So all this discussion boils down to the same question –  should you feed your cat raw food or not? The answer is mostly a yes. If you’re going to feed for the first time, do it in small quantities and see if your cat likes it. Also, wait for 48 hours to see if there is any allergic reaction on your cats. If there are no allergies and your cat loves them, go ahead and feed your cat the raw foods it likes.

Precautions

Though you can put your cat on a diet of raw foods, here are some aspects to keep in mind.

    • If you’re making this food at home, make sure you do it in a contained part of your house, preferably in your backyard. This way, the pathogens from the food do not affect the rest of your family members.
    • Sanitize the cooking area with bleach when you’re done preparing the food.
    • Always wear gloves when you’re handling raw meat, again to prevent the pathogens from getting to your skin and through it, to your body.
    • It is better to handle frozen food than fresh raw food.
    • Buy from a reliable source, so you can be assured of the quality of the food you buy.
    • Feed your cat in a place that is easy to clean and sanitize. This means no carpets or upholstery. Also, make sure you always sanitize the area after your cat is done eating.
    • Sanitize food bowls. Preferably clean it with a combination of water and bleach.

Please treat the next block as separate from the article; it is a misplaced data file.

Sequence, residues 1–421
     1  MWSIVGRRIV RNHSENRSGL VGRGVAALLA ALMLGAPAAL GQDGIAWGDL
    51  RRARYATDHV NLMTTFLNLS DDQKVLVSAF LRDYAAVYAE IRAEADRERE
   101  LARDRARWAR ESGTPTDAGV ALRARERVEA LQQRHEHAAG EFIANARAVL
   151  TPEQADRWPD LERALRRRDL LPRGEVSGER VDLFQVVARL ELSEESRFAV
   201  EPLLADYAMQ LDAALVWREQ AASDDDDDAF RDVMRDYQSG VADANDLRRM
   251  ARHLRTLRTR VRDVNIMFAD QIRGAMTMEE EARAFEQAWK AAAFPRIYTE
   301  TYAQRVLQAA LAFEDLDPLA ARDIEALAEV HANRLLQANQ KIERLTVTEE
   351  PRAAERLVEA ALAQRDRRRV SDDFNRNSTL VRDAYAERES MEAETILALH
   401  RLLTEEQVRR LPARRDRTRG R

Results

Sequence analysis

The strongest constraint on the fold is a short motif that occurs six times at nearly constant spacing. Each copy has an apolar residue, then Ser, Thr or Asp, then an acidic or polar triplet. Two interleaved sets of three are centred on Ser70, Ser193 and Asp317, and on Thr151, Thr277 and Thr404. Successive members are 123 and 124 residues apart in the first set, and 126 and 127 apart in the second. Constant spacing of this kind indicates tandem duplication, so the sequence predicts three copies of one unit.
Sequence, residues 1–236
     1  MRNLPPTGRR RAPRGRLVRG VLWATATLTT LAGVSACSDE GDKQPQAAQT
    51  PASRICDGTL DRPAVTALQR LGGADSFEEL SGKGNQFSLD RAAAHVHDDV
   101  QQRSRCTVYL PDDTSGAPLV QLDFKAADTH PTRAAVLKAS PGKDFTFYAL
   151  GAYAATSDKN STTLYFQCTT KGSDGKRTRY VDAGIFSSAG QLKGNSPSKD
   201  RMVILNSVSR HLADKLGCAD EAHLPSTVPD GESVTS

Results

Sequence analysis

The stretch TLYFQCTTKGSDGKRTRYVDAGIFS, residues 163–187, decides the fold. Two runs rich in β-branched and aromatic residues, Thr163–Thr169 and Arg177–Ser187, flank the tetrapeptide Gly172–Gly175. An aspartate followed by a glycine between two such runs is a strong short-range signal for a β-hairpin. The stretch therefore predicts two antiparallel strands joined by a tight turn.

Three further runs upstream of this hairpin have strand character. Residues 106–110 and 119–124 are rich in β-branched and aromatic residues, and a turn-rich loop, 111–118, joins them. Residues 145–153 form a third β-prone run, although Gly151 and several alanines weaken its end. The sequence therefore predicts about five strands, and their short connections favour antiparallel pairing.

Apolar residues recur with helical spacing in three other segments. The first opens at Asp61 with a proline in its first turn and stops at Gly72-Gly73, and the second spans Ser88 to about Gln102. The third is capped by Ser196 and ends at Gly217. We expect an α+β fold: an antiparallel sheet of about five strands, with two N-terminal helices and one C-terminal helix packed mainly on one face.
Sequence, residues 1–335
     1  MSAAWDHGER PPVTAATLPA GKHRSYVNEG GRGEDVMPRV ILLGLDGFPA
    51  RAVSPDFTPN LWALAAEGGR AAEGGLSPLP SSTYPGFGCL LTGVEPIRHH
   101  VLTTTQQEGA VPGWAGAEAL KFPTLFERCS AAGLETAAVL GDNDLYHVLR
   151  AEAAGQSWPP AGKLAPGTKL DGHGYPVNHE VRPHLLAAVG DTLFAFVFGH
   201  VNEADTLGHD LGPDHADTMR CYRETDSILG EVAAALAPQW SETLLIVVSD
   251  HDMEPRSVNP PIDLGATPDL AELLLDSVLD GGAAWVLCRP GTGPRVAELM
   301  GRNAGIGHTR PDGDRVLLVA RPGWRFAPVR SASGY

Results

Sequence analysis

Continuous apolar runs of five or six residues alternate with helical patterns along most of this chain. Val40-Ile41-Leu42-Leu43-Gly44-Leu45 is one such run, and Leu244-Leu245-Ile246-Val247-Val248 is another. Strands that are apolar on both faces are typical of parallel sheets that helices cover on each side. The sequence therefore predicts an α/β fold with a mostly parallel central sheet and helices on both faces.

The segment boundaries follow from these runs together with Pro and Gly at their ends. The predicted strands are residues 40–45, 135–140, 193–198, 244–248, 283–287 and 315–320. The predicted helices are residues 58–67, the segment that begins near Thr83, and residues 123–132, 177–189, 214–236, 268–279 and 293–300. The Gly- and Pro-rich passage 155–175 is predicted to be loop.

Recipes

Now that you’ve decided to feed raw food to your cat and have taken care of the precautions, here are some sample cat food recipes to get you started.

Breakfast

  • Take one spoon of milk powder and mix it with water.
  • Beat three medium eggs
  • You can make a pancake or soak raw meat in it for an hour and serve.

Lunch

  • Take four ounces of canned or fresh tuna
  • Add two eggs to it and beat everything well together
  • Crush and ground two small pieces of bone and add to this mixture
  • Add a multivitamin supplement and pour it in your cat’s bowl.

We hope these diets give you an idea of what type of foods you should add to your cat’s diet.

In short, it is a good idea to feed raw food to your cat, provided you follow the above precautions and buy it from a reliable place.

Olivia Williams
Olivia is our head of content for MyPetNeedsThat.com, mum of one and a true animal lover. With 12 different types of animal in her family, it's never a dull moment. When she isn't walking the dogs, feeding the cats or playing with her pet Parrot Charlie, you will find her product researching and keeping the site freshly updated with the latest products for your pets!